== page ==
Recently I was invited to a wedding. My 'bai' or the household help was getting her daughter married and so invited me . She was very excited about presenting the invitation card to me. She also told me that she had invited three other women from the neighbourhood and we could all come together.
It was decided between the four of us that we would go together and the gift would be a combined one. This way we could either get her something really nice or give her the money which would be a nice lump sum. Since she had been working for all of us for over three years, I assumed that a month's wages would be a good amount to begin with. The first of the women I mentioned it to did not sound too enthusiastic, but she did not reject it out of hand either. As per the plan we met the next day to decide on the specifics at one of the homes. After the usual 'chai- nashta' which included some special 'katchoris', ("filled with dry fruits, you know") we got down to the nitty gritty of what and who would get the gift. "I know you said it should be a month's wages, but don't you think that's too much?" The other two were also nodding along and since they all seemed to be in agreement, I cut it down to half. Even that was shot down and then one of them suggested a figure that seemed a joke. Or so I thought at first, but when she explained how we were already paying the 'badli' or the stand in and added the inconvenience of attending the wedding and the price of petrol in it, I realized that she was serious. Here was a person who was always wearing the latest clothes, who dropped over a thousand rupees on the tickets alone, just to catch the latest movie at the local multiplex. She was feeding us Katchoris with dry fruits and was always boasting about the expensive gifts she gave and received (dena padta hai, achaha nahin lagta,na) and she was suddenly tight fisted. What was worse, she had calculated everything to the point of saying "in logon ke liye yeh theek hai, yeh hi standard bhi toh hota hai" meaning that 'this is good enough for these people, it is the standard'.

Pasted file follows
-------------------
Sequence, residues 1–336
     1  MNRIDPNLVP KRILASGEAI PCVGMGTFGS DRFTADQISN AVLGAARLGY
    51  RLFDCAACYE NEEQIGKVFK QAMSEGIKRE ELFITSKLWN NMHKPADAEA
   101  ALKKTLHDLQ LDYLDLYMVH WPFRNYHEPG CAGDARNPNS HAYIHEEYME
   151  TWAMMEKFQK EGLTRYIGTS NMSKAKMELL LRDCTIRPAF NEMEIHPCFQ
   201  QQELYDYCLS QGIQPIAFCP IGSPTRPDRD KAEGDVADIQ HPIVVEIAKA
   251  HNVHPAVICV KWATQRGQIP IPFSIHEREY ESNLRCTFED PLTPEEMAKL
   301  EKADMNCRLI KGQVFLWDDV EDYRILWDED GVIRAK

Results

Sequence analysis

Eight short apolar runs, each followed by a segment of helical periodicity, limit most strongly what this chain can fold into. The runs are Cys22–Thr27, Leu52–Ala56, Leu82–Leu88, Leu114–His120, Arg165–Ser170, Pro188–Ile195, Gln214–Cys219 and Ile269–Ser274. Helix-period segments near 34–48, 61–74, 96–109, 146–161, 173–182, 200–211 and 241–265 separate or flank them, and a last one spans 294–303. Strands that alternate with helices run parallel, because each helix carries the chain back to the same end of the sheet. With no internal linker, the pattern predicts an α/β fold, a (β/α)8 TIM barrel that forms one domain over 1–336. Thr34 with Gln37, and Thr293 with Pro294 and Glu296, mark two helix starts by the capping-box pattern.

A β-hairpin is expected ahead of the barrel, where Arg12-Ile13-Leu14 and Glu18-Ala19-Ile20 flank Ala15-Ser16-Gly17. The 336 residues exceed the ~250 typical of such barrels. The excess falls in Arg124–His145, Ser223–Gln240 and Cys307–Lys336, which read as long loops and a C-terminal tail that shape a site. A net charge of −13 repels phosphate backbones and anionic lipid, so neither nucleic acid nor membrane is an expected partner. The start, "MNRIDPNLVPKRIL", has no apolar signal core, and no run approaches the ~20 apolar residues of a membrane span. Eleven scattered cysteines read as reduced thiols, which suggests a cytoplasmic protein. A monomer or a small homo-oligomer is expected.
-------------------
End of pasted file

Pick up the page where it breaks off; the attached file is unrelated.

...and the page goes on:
HERE IS MY QUESTION, why do we compete to give expensive gifts to those who need less of them and give less to those who need it more? The house help's daughter needs that money and can use it far more effectively than the neighbour whom you impress by feeding expensive dry fruits. It is truly ironical, but we tend to give expensive gifts to people who have no need for them, while giving less to those who really need it. It probably stems from the need for validation. It could also be the ' log kya kehenge?' or what will people say syndrome. It could be the need to feel on par with the receiver.
What ever it is, you see it happening all the time. In fact, doesn't the famous fable of Sudama and Krishna illustrate this very thought? The thought that you need to have more to meet someone who has it all, and coversely less for those who have less!